As the River Avon is currently running high the River Pool remains the same with water breaking over the bund and into Teal Pool but to be honest very little was on show. Despite this several large Carp were basking quite close to the hide, one of which resembled a Koi Carp, extremely red in colour against the others, which were probably Common.

East Marsh Pool is still suffering from lack of waders due to the recent rain eliminating the muddy areas, apart from a lone Oystercatcher, but offered the usual waterfowl which included Shoveler, Teal, Tufted, Mallard and increasing numbers of Canada and Greylag, 2 Common Tern (1 of which is a Juvenile) were also still present this afternoon.

A visit to the Carlton Hide yeilded the best results for Waders, which this morning included Green Sandpiper and Redshank. The Juvenile Little Grebe was also showing and appears to be fending for itself. Although Sand Martins and a few Swallow are still showing well no records today of Swift, which by now are already beginning their journey south, but who came blame them in the current climate?

Wednesday, August 05, 2009

Wet Brandon!

Well no surprise in the recent forecast update from the Met Office, to be honest the best way to tell the weather is to put your head out of the door the morning your off birding. I've even lost faith in the 5-day forecast, which changes daily!!
My normal visits to Brandon over the last fortnight have been, as you would imagine, wet ones although I managed another tick on my Brandon list. Recent sightings of a Black Tailed Godwit (pictured)had eluded me over the period but during a visit last Sunday (Aug 2) I managed to pick the little fellow out amongst the Lapwing flock, now numbering around 600, when a Sparrowhawk spooked them over Willow Island. Some excellent views of Water Rail, including 2 young, moving across the area in front of the Main-Hide have also been a regular feature.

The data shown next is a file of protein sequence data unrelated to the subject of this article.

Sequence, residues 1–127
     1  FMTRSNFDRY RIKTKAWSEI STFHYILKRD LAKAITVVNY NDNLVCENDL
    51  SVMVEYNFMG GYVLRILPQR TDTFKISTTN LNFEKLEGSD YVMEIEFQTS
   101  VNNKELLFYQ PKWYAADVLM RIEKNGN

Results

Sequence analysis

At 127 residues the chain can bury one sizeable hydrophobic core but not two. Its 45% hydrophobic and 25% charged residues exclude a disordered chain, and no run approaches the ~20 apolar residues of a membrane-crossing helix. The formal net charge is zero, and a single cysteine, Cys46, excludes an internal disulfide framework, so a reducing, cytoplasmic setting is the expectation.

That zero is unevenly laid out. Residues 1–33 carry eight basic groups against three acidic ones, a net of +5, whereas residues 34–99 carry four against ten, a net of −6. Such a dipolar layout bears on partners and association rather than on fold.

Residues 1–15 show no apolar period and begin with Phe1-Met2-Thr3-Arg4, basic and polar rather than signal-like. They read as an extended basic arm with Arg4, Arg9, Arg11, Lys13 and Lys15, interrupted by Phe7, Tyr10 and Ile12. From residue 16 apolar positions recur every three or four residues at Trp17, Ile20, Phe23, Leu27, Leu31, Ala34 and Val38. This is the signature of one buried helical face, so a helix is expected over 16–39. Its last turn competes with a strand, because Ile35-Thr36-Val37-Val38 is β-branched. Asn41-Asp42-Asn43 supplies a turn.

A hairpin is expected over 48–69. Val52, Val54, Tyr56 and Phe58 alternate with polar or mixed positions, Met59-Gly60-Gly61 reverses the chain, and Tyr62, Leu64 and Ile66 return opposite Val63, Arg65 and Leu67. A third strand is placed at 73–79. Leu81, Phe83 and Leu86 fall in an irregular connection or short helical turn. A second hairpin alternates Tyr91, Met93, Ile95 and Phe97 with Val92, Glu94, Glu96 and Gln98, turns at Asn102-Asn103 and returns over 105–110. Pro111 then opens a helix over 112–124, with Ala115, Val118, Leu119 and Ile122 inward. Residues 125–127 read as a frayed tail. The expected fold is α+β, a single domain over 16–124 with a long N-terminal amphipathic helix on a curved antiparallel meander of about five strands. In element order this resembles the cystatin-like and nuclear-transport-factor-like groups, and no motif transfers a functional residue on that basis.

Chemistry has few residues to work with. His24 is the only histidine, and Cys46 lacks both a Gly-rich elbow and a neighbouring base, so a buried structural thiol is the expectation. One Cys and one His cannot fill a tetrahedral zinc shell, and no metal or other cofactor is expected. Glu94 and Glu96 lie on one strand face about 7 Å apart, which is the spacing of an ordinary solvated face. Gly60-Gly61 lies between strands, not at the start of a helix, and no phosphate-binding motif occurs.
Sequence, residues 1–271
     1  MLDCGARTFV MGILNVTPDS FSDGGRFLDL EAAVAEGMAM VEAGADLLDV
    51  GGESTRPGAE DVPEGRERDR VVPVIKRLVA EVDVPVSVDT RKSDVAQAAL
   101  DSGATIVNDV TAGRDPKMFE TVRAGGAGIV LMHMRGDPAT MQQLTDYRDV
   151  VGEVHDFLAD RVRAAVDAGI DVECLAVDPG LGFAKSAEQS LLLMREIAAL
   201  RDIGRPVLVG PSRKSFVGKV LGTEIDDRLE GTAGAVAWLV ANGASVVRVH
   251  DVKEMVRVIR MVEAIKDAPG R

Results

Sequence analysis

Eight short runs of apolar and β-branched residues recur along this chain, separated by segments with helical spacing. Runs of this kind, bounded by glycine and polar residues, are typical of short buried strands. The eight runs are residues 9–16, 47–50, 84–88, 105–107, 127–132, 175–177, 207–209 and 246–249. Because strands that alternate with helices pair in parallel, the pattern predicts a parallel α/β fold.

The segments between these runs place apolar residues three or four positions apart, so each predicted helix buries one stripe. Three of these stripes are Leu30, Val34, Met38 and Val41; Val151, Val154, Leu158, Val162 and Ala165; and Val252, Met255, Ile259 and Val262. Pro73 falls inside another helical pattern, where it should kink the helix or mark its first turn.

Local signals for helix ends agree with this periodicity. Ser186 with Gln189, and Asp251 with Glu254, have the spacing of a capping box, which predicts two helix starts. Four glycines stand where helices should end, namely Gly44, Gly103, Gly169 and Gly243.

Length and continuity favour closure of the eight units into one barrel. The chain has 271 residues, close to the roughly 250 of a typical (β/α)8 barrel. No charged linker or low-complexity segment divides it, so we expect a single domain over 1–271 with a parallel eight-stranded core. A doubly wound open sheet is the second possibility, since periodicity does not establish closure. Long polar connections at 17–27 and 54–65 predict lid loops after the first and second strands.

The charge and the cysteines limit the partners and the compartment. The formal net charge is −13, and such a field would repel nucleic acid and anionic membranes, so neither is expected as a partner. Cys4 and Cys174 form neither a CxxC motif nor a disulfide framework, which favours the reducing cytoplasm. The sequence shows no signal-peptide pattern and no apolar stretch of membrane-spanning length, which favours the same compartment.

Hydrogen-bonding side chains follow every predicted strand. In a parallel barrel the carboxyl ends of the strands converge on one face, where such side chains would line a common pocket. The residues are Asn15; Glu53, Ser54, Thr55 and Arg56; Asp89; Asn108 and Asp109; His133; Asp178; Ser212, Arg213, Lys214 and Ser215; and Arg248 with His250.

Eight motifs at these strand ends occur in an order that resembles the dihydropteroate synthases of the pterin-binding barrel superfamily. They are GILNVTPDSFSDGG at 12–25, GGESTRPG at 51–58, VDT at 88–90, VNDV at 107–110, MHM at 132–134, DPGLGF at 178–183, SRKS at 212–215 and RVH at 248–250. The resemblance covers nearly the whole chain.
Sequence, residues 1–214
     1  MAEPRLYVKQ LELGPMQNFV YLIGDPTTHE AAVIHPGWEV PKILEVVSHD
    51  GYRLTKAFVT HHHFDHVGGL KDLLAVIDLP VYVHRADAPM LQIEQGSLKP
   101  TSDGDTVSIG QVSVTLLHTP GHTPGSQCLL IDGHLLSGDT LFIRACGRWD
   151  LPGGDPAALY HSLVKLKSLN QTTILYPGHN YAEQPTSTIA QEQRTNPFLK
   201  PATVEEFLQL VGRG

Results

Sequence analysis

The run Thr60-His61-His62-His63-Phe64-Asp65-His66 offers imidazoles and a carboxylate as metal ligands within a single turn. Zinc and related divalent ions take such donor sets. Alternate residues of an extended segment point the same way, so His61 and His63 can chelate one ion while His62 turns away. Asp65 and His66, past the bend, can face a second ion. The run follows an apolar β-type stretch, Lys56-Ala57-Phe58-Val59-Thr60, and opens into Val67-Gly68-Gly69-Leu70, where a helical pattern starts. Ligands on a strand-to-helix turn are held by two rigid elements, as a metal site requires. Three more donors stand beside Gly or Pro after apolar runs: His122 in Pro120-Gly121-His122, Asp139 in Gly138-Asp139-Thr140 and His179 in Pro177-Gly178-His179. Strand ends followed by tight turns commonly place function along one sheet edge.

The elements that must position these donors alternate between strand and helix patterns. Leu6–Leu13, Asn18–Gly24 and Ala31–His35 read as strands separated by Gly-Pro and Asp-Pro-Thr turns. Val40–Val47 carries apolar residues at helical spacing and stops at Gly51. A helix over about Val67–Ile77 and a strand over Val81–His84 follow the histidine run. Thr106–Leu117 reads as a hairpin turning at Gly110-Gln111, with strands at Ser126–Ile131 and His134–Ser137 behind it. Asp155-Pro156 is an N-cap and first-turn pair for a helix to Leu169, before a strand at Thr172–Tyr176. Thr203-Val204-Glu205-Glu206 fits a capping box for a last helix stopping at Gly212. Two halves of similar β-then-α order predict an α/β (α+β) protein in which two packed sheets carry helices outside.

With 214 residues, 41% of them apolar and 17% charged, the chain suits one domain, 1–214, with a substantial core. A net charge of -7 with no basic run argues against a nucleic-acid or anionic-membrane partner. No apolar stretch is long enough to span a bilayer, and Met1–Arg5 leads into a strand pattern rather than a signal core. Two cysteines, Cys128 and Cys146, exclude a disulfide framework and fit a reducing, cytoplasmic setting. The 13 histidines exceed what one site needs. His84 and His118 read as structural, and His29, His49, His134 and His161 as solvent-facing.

I'm pleased to say that our Gadwall and 3 chicks are still in tact and are getting bigger by the day and it would seem that this might not be the only brood of Gadwall on the reserve this year!
Being in my first year at Brandon every experience is new and I have to give a mention to the fantastic butterfly population on the reserve, which has just been a delight, especially on a slow birding day. I have now personally logged 18 more species since joining the Conservation Team and have been able to improve on my recognition dramatically thanks to other members.
Yesterdays visit, Tuesday 4th, turned out to be an excellent birding day, despite the heavy showers. I was able to pick up a very respectable 59 species which unfortunately did not include Sunday's Godwit. The highlight was an amazing show of small birds which included Chiffchaff, Willow Warbler, Reed Warbler, Cetti's Warbler, Sedge Warbler, Garden Warbler, Blackcap and Willow Tit.
With the recent heavy rain we have temporarily lost the muddy areas on Teal Pool and the East Marsh Pool although sluices have been set to drain some of this however, the Carlton Pool remains the focus for Waders which included 2 Green Sandpiper, 2 Redshank and the return of a single Snipe, which are reappearing now after a summer break.